of qualities or forms. Studying the subject in the most general manner, there are striking resemblances between the distribution of matter capable of assuming a polar condition, and free to move around a magnet, and the dis- tribution of matter around the nervous axis of an em- bryo.
" In every complete series of magnetic curves there are two neutral lines, one extending lengthwise of the magnet, so that the curves formed are divided into right and left ; secondly, a transverse one, the particles on each side of , which are known as forming the north and south curves. In the right and left series, those which are on one side of the magnet are symmetrical with those on the other, but not in themselves ; and in the north and south series those on either side of the transverse neutral line are sym- metrical with each other, but not in themselves. Thus we have in the first case something analogous to right and left or bilateral symmetry, and in the second to fore and hind symmetry.
"If two magnets are placed parallel to each other and at a distance, then two complete sets of curves are formed in the usual way ; but if they are brought so as to be within each other's influence, the magnetic figure now becomes a compound one, the central portion of which consists of the united curves from the two adjoining sides of the magnet, and the particles from either series of the curves do not pass beyond the line where the forces of the two magnets are in equilibrium.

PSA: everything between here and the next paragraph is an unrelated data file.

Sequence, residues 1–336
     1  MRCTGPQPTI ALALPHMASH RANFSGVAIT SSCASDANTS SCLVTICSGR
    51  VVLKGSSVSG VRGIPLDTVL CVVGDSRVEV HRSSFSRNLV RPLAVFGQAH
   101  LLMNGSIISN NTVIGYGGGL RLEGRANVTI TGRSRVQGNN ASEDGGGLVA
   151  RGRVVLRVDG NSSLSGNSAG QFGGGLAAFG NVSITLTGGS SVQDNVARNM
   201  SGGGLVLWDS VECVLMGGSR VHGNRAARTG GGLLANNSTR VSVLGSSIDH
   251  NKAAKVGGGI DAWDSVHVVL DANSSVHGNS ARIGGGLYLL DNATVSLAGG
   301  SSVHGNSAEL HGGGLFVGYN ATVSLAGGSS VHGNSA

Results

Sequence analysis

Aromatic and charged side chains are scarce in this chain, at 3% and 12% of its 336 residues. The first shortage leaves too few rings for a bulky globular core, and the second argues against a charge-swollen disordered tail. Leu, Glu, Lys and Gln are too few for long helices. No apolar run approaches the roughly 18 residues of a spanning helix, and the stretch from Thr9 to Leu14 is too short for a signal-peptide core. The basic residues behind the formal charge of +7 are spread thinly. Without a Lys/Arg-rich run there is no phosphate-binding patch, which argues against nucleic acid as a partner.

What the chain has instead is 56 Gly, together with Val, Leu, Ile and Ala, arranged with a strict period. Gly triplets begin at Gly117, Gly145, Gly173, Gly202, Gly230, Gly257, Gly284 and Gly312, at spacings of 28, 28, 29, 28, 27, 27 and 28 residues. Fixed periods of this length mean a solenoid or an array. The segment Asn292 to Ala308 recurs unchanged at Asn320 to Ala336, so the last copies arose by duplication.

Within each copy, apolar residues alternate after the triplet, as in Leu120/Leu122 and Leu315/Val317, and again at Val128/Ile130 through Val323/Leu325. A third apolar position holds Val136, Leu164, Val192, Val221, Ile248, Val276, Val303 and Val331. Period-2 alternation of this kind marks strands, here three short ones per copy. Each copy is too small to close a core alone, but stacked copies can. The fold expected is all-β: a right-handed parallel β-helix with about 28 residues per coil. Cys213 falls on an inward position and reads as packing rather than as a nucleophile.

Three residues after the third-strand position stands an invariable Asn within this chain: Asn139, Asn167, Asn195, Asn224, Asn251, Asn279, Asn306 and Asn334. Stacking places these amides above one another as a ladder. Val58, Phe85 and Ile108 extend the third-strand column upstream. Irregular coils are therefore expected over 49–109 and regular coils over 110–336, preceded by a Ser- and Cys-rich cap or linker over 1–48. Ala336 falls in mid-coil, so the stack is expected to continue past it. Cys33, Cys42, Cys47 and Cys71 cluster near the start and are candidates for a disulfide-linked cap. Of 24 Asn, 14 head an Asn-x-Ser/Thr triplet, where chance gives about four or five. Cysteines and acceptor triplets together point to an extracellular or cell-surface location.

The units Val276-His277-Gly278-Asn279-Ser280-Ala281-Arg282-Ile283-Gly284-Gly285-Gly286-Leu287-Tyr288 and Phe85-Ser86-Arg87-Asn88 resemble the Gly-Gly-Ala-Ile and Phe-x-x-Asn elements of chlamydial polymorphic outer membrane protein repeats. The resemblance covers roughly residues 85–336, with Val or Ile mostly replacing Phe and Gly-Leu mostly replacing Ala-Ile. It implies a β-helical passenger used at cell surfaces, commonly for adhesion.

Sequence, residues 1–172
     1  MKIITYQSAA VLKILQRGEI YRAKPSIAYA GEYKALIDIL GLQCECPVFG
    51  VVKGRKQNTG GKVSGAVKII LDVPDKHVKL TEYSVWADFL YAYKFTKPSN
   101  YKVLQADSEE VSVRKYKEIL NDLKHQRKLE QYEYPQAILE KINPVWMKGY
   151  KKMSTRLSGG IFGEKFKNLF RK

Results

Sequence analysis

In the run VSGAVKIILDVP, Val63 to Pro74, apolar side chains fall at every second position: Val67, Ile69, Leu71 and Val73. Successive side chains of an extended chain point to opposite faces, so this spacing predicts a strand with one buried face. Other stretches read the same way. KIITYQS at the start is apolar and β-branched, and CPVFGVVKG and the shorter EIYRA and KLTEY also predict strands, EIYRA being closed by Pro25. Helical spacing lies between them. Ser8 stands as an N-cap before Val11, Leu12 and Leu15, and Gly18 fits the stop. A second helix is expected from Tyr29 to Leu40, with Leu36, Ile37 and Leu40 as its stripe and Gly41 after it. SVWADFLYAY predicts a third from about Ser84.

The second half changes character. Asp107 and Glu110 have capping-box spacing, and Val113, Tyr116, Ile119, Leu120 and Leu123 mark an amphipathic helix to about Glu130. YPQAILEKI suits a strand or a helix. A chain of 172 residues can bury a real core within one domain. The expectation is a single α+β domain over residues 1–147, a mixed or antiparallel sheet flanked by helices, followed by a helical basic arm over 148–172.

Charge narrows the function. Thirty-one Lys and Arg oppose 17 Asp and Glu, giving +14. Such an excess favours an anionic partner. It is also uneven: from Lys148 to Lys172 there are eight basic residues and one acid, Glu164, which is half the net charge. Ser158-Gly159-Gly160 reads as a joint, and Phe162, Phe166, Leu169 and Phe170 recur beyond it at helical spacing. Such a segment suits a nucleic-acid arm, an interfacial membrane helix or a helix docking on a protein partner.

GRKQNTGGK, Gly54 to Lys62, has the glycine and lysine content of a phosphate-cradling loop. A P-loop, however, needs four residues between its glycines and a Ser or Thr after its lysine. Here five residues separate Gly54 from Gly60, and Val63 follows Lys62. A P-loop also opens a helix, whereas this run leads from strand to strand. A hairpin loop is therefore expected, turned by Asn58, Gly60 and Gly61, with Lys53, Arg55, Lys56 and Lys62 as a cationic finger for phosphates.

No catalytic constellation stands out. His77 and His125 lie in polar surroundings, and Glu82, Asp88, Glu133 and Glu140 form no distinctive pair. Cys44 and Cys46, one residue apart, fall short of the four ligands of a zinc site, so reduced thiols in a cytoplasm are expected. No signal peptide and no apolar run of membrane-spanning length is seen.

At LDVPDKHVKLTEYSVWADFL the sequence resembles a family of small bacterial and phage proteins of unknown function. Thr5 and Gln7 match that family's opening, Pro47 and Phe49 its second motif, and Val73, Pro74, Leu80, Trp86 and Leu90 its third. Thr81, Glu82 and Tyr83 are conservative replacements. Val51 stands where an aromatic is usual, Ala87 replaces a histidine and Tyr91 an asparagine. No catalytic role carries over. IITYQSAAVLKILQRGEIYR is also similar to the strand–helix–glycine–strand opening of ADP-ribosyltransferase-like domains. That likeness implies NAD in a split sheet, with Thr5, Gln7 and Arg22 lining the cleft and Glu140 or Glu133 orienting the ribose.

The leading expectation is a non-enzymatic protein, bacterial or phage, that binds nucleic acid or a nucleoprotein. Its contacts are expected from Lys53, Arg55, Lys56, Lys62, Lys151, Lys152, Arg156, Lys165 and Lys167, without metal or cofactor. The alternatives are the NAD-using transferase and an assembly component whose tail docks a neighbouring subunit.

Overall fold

" If the magnets are now inclined towards each other so as to touch at one end, having a V-shape, then we shall have the particles arranged so as to produce a figure double in front but single behind. The ends which are separated will arrange the particles so as to form a double series of curves, independent of each other ; but as the magnets come nearer together, the curves begin to press against each other, and an intermediate symmetrical figure is formed.
" The distribution of matter in animals having bilateral symmetry, both in normal and abnormal development, is analogous to the series of distributions just described.